Please use this identifier to cite or link to this item: http://hdl.handle.net/11189/3670
DC FieldValueLanguage
dc.contributor.authorOkoro, HK-
dc.contributor.authorFatoki, Olalekan S-
dc.contributor.authorAdekola, Folahan A-
dc.contributor.authorXimba, Bhekumusa J-
dc.contributor.authorSnyman, RG-
dc.date.accessioned2016-05-12T09:03:30Z-
dc.date.available2016-05-12T09:03:30Z-
dc.date.issued2014-
dc.identifier.citationOkoro, H.K., Fatoki, O.S., Adekola, F.A., Ximba, B.J. &, Snyman, R.G. 2014. Organotin compounds. In: Wexler, P. (ed.), Encyclopedia of Toxicology, 3rd ed. San Diego: Academic Press. 3:720–725.en_US
dc.identifier.isbn9780123864543-
dc.identifier.urihttp://hdl.handle.net/11189/3670-
dc.description.abstractThe use of tributyltin (TBT) and triphenyltin (TPT) as antifouling agents on boats has been widespread because of their superior effectiveness compared to previously used copper oxide paints. TBT is a biocide and catalyst used globally. TBT compounds have particularly been used as biocides in antifouling paints and wood preservatives. TBT leachate has contaminated both marine and freshwater habitats and it has been considered to be one of the most toxic agents entering the environment. The occurrence of TBT in surface water and sediment has prompted a large number of studies on its adverse effects on nontarget organisms. By the mid-1980s, it had become widely recognized that TBT severely affects nontarget organisms. Abnormal shell thickening has been reported in the Pacific oyster Crassostrea gigas associated with areas of high TBT contamination. Other adverse effects of TBT on organisms include imposex in gastropods. As well as being an endocrine-disrupting agent TBT has proven to be extremely toxic to a number of aquatic organisms, in particular during sensitive early life stages. It was revealed that TBT can induce cytogenetic damage in the embryos and larvae of the marine mollusc Mytilus edulis and the polychaete worm Platynereis dumerilii. Very limited work has been done on the genotoxic potential of TBT to adult marine organisms. In algae, for instance, triorganotins had the strongest influence on their growth and the least on their chlorophyll content.en_US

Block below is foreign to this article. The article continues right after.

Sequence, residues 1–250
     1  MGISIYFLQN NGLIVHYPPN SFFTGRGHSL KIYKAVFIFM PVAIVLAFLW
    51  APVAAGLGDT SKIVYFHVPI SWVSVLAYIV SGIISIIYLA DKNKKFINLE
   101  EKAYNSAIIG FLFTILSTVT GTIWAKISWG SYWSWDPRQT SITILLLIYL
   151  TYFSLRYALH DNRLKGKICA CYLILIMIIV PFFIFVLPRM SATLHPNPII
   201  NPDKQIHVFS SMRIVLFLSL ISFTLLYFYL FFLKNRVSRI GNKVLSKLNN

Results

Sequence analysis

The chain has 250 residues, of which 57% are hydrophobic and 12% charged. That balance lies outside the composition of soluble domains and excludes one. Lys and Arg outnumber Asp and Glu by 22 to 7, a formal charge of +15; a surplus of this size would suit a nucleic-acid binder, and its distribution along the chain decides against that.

dc.language.isoenen_US
dc.publisherAcademic Pressen_US
dc.rights.urihttp://creativecommons.org/licenses/by-nc-sa/3.0/zaen
dc.subjectTributyltin (TBT)en_US
dc.subjectTriphenyltin (TPT)en_US
dc.subjectAntifouling agentsen_US
dc.subjectCopper oxide paintsen_US
dc.subjectBiocideen_US
dc.titleOrganotin compoundsen_US
dc.type.patentBook chapteren_US
Appears in Collections:Appsc - Journal Articles (not DHET subsidised)
Prof. Bhekumusa Jabulani Ximba
Prof. Olalekan S. Fatoki
Files in This Item:
File Description SizeFormat 
Okoro_HK_Fatoki_OS_Adekola_FA_Ximba_BJ_Snyman_RG_AppSci_2014.pdf974.96 kBAdobe PDFView/Open
Show simple item record

Page view(s)

59
Last Week
0
Last month
0
checked on May 26, 2019

Download(s)

12
checked on May 26, 2019

Google ScholarTM

Check


This item is licensed under a Creative Commons License Creative Commons